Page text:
[00:13:07] And that's just a style difference. She decided to do it all democratic bill and the Senate, of course, by its nature made a very bipartisan bill. And that's what we're left with is trying to combine a very highly partisan house version with a much more bipartisan Senate version. And that's a lot of work.
[00:13:24] All of these conversations, every little place where the language is different, that requires the conference and a lot of mutual conversations with different stakeholders about how to resolve the differences. And so people are looking at it in the saying, when we see the overlap between the two bills, that's the good part. The Chips Act part, which is not controversial, which you already pointed out, but there's a whole bunch of other stuff that are very controversial that will have to be resolved.
[00:13:50] Eric: And do many of those things come down to just how exactly we're going to spend this money where we're going to invest, how big the tax credits are, that sort of thing, or is it,
[00:14:00] Patrick: I wish it was, as you already said, those are the things people seem to agree about.
[00:14:05] Republicans and Democrats are like, Yes. Let's talk about research for chips and lots of funding and attracting foreign direct investment. And all that's very popular. Some of the other issues are much more contentious, right? About how we deal with China, how we treat export controls, economic relationship issues. That's the ironic thing is the one thing that has been consistent through the whole process is the official Chinese government position is they hate the house bill and they hate the Senate bill.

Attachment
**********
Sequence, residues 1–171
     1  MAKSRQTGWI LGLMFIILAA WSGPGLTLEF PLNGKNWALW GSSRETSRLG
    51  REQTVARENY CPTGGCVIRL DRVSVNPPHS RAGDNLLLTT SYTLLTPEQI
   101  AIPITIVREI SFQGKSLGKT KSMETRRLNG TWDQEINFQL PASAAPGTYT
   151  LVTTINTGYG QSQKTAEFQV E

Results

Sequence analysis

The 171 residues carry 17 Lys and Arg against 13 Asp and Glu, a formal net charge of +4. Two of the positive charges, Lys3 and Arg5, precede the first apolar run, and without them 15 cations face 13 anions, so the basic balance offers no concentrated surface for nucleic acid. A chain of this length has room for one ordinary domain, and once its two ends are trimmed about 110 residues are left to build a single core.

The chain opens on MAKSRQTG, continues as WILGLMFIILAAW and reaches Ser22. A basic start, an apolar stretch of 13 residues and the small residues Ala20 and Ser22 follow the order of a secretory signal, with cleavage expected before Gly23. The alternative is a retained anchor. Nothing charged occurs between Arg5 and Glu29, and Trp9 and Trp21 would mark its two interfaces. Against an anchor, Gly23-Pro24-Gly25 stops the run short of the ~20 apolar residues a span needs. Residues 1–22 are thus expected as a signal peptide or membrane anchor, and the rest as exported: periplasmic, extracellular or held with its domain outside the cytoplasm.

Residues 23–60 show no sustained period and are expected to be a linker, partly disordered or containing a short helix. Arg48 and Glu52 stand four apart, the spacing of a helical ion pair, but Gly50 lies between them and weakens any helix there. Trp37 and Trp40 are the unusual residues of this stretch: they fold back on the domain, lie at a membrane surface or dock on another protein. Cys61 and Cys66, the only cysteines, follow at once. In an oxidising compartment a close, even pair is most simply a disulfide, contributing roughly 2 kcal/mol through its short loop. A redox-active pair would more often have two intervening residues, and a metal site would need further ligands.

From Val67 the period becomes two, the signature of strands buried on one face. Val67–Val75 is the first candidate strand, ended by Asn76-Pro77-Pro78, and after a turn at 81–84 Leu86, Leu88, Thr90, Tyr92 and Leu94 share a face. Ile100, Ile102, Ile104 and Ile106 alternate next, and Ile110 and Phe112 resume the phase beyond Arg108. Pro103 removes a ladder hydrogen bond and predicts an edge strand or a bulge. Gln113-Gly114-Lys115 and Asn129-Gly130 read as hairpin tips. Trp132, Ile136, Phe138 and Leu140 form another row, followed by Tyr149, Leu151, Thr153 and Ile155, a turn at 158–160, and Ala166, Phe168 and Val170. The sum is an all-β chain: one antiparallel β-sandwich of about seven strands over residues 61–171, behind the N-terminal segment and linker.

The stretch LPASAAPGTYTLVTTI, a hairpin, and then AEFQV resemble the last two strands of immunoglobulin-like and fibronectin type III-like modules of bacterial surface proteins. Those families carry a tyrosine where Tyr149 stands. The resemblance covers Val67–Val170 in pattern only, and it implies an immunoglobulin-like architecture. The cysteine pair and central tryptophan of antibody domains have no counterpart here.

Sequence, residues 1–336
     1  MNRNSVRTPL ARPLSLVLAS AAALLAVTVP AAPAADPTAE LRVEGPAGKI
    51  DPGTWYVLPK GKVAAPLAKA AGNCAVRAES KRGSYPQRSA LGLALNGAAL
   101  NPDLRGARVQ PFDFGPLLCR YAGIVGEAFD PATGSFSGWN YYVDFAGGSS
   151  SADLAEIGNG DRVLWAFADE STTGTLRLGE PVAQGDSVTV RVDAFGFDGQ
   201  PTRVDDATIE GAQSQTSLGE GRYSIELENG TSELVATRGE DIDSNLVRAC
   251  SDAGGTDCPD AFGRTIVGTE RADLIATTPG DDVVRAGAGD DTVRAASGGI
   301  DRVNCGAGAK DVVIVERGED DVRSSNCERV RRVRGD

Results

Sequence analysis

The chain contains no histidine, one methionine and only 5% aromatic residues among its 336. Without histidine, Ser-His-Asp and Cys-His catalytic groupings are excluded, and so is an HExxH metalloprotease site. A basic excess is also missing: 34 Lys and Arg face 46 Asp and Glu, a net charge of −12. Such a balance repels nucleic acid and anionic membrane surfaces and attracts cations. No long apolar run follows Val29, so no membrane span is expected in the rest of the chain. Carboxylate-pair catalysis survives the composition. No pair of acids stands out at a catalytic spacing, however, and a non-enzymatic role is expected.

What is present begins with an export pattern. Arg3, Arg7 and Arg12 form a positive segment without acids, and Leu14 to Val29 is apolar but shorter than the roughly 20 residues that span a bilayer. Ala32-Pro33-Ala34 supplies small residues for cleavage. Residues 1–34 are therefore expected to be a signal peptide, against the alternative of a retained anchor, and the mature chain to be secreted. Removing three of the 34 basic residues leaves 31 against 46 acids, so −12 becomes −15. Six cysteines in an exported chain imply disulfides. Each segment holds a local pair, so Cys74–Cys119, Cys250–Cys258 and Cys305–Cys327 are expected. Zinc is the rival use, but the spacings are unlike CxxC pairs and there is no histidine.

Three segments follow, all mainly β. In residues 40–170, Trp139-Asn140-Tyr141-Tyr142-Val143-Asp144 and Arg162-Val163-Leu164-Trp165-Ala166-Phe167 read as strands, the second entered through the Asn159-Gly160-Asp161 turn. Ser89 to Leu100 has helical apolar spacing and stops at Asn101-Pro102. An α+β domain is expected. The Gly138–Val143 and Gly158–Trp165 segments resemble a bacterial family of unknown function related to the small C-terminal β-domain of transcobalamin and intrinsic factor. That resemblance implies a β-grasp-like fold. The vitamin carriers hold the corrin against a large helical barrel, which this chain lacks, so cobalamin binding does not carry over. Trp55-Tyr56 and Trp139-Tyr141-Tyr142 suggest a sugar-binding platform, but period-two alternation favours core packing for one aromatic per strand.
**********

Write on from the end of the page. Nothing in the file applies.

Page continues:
[00:14:31] So I would have thought that would have created consensus, but unfortunately it did not, but for different reasons, but there are most of the things that are contained in the house bill that were objectionable to Republicans and other things, most of those could have been cured, I think. And you'll forgive me from making a overtly political criticism.
[00:14:53] But there was no effort made. It's not like they tried to resolve the differences with Republicans in the house and they like worked out a compromise language to get it. They just didn't try that for what if for whatever reason, you know, we wish that they would have, but it is what it is. And we're out there every day.
[00:15:09] I do about maybe 15 to 20 Hill meetings a week. Zoom calls every day with Hill staff. And members of Congress to explain the benefits of the bill, why it needs to happen. And that's very counterintuitive of folks, because I tell them you're a foreign headquartered chip company and you don't own fabs, why do you care about this?
[00:15:29] And it's really fun to remind them that our whole ecosystem depends on this Foundry capacity. Right now, there is no leading edge Foundry capacity in the U S
[00:15:38] Eric: which is mind blowing and terrifying when. You think about what ground we've lost people talk about. How does, how will the U S keep its lead in the semiconductor industry?
[00:15:52] Keep its lead. How about, how about try to catch up?
[00:15:57] Patrick: Yeah, cause on the fabless side rather than the design side where without peer. United States is the unrivaled leader in chip design. The problem is that our shareholders are different. If you're like, I'm lucky, like we're listed on the Taiwan stock exchange, but I think investors in Taiwan are a little more comfortable with long-term plays, letting things play out over time.